Tonight, Victor Menaldo sleeps happy in Seattle. Not because he cares who won the Canadian election. Victor is from Queens and lives in Washington State; he is not entirely clear that Canada is a country. No, Victor sleeps happy because Canadian voters, in their infinite wisdom, upheld Duverger’s law, which is, in the words of Prof. Menaldo, the “one insightful rule” that political science has given to the world.
To recap, Duverger’s law states that democracies that vote by geographical district where the biggest vote-getter wins will have two-party systems. The reason is that voters won’t want to waste their votes on no-hopers, so third parties will struggle. If, for example, voters really hate one particular party, then they will vote for whatever second party looks most likely to defeat the hated one. They won’t want to risk having the evil ones win by wasting their vote on a no-hoper party, even if that party most closely fits their preferences.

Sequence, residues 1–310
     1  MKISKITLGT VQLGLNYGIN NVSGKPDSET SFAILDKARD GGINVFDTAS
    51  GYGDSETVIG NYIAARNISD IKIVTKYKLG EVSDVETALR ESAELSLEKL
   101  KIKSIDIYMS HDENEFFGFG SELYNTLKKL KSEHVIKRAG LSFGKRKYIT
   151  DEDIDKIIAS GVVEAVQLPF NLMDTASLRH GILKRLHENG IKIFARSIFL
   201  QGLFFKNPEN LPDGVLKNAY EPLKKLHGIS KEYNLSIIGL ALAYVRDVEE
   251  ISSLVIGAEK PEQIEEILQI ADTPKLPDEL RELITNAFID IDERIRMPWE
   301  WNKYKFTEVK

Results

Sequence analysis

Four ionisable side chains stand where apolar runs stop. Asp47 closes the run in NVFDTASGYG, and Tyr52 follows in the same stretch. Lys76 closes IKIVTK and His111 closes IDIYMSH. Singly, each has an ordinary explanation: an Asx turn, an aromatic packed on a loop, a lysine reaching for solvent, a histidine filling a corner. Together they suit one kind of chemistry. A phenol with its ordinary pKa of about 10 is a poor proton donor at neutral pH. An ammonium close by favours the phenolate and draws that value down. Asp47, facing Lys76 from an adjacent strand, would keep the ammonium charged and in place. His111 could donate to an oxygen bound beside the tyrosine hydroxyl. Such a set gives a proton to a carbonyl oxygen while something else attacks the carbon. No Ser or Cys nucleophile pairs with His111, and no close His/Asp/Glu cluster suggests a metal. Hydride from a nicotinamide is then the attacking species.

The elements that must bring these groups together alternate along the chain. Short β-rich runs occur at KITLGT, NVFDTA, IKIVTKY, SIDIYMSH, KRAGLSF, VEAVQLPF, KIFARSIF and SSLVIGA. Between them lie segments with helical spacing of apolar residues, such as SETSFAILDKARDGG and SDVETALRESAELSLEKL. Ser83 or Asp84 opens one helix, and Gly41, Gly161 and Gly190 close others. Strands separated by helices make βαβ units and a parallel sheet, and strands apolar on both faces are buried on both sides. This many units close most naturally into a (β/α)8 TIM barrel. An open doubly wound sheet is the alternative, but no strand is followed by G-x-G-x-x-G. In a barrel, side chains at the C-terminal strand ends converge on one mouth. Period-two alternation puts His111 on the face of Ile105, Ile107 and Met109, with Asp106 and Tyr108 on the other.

And that is what seems to have happened in Canada! Defying the polls, left-leaning Canadians did not split their votes between the Liberals and the New Democrats. Rather, they broke Liberal at the last minute, handing an outright majority to that party.
So now my friend Victor can sleep easy, knowing the Duverger has regained ground in England and seems to have proven itself in Canada. As a political scientist, his job is secure.
At least until some damn bloody voters somewhere else decide once again to ignore the law. Man, political science would be easy if it weren’t for all those, you know, voters!